Spring 2021 - POL 837 G100

Issues in Comparative Politics (5)

Class Number: 4868

Delivery Method: In Person


  • Course Times + Location:

    Tu 9:30 AM – 11:20 AM




This course will examine the philosophical underpinnings and political realities of global feminism as a movement and a principle of institutional design. We will ask about the foundations and political impact of global – and local, national, regional and transnational- solidarity among women including discussion of transversal solidarity, strategic essentialism, and other key concepts in feminist philosophy. Regional and national movements in Africa, the Middle East, North America and other contexts will be examined. On-line and digital aspects if movements will also be discussed. Implications for policy and law in areas such as violence against women, family law, reproductive rights and parental leave will also be considered. We will conclude with lessons for global justice and other social movements.


  • Participation 10%
  • 3 Quizzes (15% each) 45%
  • Short Paper (5 pages) 10%
  • Research Paper (15-20 pages) 25%
  • Reading Presentation 10%



Edited by Myra Marx Ferree and Aili Mari Tripp.  Global Feminism: Transnational Women's Activism, Organizing, and Human Rights  2006 ISBN: 9780814727362 (Paperback or ebook)
ISBN: 9780814727362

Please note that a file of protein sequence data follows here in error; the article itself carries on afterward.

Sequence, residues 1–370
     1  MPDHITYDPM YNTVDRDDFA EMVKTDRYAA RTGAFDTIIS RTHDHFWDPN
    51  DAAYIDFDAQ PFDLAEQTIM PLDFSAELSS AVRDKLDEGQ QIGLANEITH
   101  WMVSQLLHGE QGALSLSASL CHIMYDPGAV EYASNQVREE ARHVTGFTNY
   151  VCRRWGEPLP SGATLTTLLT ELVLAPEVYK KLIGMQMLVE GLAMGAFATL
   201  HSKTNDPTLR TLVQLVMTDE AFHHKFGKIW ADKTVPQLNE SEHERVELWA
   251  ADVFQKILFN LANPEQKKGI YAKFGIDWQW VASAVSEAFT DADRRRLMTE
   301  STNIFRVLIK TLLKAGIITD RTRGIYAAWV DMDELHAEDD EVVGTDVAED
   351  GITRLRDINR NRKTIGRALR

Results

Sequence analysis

Mala Htun and S. Laurel Weldon.  The Logics of Gender Justice State Action on Women's Rights Around the World. 2018 ISBN 9781108277891 (Paperback or ebook)
ISBN: 9781108277891

Graduate Studies Notes:

Important dates and deadlines for graduate students are found here: http://www.sfu.ca/dean-gradstudies/current/important_dates/guidelines.html. The deadline to drop a course with a 100% refund is the end of week 2. The deadline to drop with no notation on your transcript is the end of week 3.

Registrar Notes:


SFU’s Academic Integrity web site http://www.sfu.ca/students/academicintegrity.html is filled with information on what is meant by academic dishonesty, where you can find resources to help with your studies and the consequences of cheating.  Check out the site for more information and videos that help explain the issues in plain English.

Each student is responsible for his or her conduct as it affects the University community.  Academic dishonesty, in whatever form, is ultimately destructive of the values of the University. Furthermore, it is unfair and discouraging to the majority of students who pursue their studies honestly. Scholarly integrity is required of all members of the University. http://www.sfu.ca/policies/gazette/student/s10-01.html


Teaching at SFU in spring 2021 will be conducted primarily through remote methods. There will be in-person course components in a few exceptional cases where this is fundamental to the educational goals of the course. Such course components will be clearly identified at registration, as will course components that will be “live” (synchronous) vs. at your own pace (asynchronous). Enrollment acknowledges that remote study may entail different modes of learning, interaction with your instructor, and ways of getting feedback on your work than may be the case for in-person classes. To ensure you can access all course materials, we recommend you have access to a computer with a microphone and camera, and the internet. In some cases your instructor may use Zoom or other means requiring a camera and microphone to invigilate exams. If proctoring software will be used, this will be confirmed in the first week of class.

Students with hidden or visible disabilities who believe they may need class or exam accommodations, including in the current context of remote learning, are encouraged to register with the SFU Centre for Accessible Learning (caladmin@sfu.ca or 778-782-3112).